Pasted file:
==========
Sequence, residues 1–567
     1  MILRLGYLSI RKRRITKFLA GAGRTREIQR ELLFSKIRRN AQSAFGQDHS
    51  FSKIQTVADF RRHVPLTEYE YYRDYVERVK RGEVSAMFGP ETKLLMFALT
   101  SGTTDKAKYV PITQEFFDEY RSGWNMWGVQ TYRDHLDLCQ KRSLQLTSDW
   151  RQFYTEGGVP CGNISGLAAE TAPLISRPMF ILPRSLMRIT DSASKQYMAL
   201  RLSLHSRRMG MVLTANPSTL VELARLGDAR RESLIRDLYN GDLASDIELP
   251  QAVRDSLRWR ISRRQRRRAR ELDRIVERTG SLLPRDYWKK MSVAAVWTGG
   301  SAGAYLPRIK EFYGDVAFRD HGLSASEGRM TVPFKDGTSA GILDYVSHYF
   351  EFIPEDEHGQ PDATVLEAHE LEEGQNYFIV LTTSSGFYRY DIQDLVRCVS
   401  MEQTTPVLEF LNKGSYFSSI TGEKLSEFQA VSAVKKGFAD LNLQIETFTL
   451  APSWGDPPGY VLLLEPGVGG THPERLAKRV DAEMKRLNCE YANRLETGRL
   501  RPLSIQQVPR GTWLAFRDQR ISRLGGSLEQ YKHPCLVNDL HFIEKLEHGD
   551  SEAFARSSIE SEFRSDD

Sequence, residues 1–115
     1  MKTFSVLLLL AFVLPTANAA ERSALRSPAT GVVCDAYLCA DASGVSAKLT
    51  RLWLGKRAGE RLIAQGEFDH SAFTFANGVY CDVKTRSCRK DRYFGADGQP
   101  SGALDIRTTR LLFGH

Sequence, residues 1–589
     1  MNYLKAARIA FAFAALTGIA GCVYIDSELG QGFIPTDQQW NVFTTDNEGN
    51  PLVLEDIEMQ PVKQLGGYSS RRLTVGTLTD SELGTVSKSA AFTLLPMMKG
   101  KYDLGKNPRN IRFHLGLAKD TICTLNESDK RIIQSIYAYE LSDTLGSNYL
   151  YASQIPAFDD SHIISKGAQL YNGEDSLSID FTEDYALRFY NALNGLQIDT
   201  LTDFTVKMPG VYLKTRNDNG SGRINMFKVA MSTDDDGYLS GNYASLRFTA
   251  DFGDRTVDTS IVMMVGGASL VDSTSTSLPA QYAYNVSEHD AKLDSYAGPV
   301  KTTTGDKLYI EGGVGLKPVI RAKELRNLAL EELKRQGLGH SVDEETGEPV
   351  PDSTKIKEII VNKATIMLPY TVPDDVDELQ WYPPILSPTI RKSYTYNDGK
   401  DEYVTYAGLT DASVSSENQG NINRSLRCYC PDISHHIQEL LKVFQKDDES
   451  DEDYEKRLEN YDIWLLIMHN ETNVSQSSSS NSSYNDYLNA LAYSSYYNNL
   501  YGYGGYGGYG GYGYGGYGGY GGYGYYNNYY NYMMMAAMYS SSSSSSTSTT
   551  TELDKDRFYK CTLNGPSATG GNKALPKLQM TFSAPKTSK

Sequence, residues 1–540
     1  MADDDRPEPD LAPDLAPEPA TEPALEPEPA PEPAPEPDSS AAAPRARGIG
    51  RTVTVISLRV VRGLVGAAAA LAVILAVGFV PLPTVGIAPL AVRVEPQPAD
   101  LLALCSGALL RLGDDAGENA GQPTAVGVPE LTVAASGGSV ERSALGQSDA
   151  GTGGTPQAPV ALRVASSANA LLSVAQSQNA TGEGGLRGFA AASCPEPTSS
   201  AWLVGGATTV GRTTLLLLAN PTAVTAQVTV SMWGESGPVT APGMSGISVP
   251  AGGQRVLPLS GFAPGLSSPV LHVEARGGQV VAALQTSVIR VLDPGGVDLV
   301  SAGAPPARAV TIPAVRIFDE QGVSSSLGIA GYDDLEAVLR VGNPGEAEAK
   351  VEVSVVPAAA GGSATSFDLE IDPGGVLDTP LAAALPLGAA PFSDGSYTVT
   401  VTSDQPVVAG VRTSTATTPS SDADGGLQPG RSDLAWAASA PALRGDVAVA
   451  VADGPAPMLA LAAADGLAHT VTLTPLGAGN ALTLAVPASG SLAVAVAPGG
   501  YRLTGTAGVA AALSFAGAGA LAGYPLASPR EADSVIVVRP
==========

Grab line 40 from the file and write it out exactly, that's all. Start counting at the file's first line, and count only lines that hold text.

   401  VTSDQPVVAG VRTSTATTPS SDADGGLQPG RSDLAWAASA PALRGDVAVA